In Turkey, fifteen species belonging to four families – Buthidae, Euscorpiidae, Iuridae, and Scorpionidae – have been identified so far (12, 21, 31, 41, 42). The most venomous species appear to be L. quinquestriatus and A. crassicauda from the family Buthidae (4, 30, 37). In this family, M. eupesus and M. gibbosus are also described as potentially dangerous scorpion species to humans (7, 32, 35, 43). On the other hand, no data has been found on the toxicity of M. caucasicus and M. nigrocinctus scorpions (12, 23).

Scorpion stings can result in severe envenomations that constitute an important public health problem in Turkey (4, 7, 37). Morbidity and mortality due to scorpion stings have been previously reported in different parts of Turkey (1, 4, 10, 20, 24, 26, 30, 32, 37, 38). However, there is no study about the general scorpion sting incidence covering all geographical regions of Turkey.

In Southeastern Anatolia, L. quinquestriatus, A. crassicauda, M. eupeus, M. caucasicus, M. nigrocinctus and Hottentotta saulcyi from the Buthidae family were found (12, 15, 21–23). Soker and Haspolat (37) reported 64 scorpion sting cases in children admitted to the Pediatric Emergency Department in Dicle University Hospital from Diyarbakir, Mardin, Sirnak, Batman and Siirt Provinces of the southeastern part of Turkey during 1995–1999. The authors also recorded eight lethal cases (12.5%) which were due to cardio and respiratory failure during the first 24h of hospitalization. Ozkan et al. (30) notified that in A. crassicauda toxicity cases, patients showed parasympathetic and local failures, which are characterized by pain, hyperemia and edema. Ozkan and Kat (31) recorded 152 M. eupeus sting cases in Sanl1urfa during six months and, in those cases, patients showed autonomic system as well as local failures, which were characterized by pain, hyperemia and edema. Adiguzel et al. (1) stated that child patients showed signs of local and autonomic nervous system failures but no lethality occurred in these cases.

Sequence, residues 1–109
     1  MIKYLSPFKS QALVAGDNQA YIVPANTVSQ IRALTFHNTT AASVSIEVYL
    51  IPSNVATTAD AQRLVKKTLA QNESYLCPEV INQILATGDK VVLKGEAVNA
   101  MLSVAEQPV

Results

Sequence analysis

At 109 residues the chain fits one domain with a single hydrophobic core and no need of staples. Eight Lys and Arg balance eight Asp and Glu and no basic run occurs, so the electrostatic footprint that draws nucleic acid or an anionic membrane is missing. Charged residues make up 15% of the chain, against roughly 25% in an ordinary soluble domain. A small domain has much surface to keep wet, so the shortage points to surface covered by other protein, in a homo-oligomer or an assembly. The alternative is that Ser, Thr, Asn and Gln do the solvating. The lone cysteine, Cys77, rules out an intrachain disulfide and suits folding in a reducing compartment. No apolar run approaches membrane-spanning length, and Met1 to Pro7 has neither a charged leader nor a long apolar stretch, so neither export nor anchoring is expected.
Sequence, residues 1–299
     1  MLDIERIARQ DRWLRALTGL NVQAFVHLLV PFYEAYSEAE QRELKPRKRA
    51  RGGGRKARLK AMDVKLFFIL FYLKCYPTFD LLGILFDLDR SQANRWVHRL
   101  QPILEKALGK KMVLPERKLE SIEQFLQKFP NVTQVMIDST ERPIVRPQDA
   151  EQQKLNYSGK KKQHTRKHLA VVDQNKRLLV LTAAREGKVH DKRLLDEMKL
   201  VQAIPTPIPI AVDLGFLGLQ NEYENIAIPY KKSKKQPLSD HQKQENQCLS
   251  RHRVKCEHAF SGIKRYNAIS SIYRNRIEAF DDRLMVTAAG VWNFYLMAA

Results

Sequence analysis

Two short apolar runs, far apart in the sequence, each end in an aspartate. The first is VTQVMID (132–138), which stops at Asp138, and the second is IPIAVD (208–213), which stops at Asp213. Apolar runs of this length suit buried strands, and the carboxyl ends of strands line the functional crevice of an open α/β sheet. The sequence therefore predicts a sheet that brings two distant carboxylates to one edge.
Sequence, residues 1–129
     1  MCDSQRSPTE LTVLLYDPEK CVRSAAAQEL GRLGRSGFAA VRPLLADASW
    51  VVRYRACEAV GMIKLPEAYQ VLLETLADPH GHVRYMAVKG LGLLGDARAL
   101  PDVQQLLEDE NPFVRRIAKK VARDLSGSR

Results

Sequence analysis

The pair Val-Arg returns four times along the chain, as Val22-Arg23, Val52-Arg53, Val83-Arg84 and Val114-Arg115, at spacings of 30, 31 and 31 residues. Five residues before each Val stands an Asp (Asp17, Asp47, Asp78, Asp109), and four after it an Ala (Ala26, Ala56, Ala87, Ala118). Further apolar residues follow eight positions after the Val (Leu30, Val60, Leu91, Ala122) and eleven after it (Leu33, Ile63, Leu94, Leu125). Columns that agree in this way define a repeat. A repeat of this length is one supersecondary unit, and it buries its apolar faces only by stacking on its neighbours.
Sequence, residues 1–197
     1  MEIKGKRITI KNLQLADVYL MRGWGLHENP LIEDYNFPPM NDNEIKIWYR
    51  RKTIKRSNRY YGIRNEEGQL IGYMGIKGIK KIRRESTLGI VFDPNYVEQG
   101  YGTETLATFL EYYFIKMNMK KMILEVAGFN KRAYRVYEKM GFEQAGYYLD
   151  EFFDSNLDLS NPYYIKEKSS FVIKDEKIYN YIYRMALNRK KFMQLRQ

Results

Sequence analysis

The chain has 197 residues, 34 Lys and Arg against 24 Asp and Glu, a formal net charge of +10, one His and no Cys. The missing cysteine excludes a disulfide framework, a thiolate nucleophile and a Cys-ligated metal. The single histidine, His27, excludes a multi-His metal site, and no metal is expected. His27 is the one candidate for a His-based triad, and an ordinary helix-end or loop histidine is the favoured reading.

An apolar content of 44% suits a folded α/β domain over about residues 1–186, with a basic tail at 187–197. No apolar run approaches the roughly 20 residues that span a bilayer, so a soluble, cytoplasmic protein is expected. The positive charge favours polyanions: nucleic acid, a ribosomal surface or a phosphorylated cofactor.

Similarly to these clinical studies, in our study most of the scorpion stings (30.4%) were seen in the Southeastern Anatolia region of Turkey. A larger number of scorpion stings were recorded in the provinces of Sanliurfa (22.6%), Adiyaman (19.9%), Mardin (18%), Gaziantep (13.9%), and Batman (13%) than in the other provinces of this region (Figure 2). The current study indicates that scorpion stings are still a major public health problem in this region which has the most dangerous scorpion species.

Mesobuthus gibbosus is also a common species from the Aegean region of Central Anatolia to the middle of East Anatolia (12, 15, 21, 23, 31). In a study in the Aegean region, Suzek et al. (38) stated that 262 patients stung by scorpions (M. gibbosus) applied to the Emergency Service of the State Hospital of Mugla Province between 1999 and 2001. The patients (50.35%) were hospitalized and treated by medical professionals with antivenom (81%). On the other hand, the authors reported that two cases (1.17%) resulted in death in 1999. Akcay et al. (3) investigated envenomation cases in Denizli including the retrospective five years and recorded that 1.5% of these cases were scorpionisms. Altinkaynak et al. (4) investigated 24 children stung by scorpions in Marmaris District of Mugla Province. They stated that the patients showed clinical symptoms like abdominal pain, muscle contractions, nausea, hypertension, hypotension, bradycardia, dyspnea, pulmonary edema, convulsion, and shock and reported 8.3% lethality due to cardio and respiratory failure. In the present study, scorpion stings were mostly seen in Mugla (37.3%), Aydin (37%), and Denizli (19%) of the Aegean region, Turkey (Figure 4).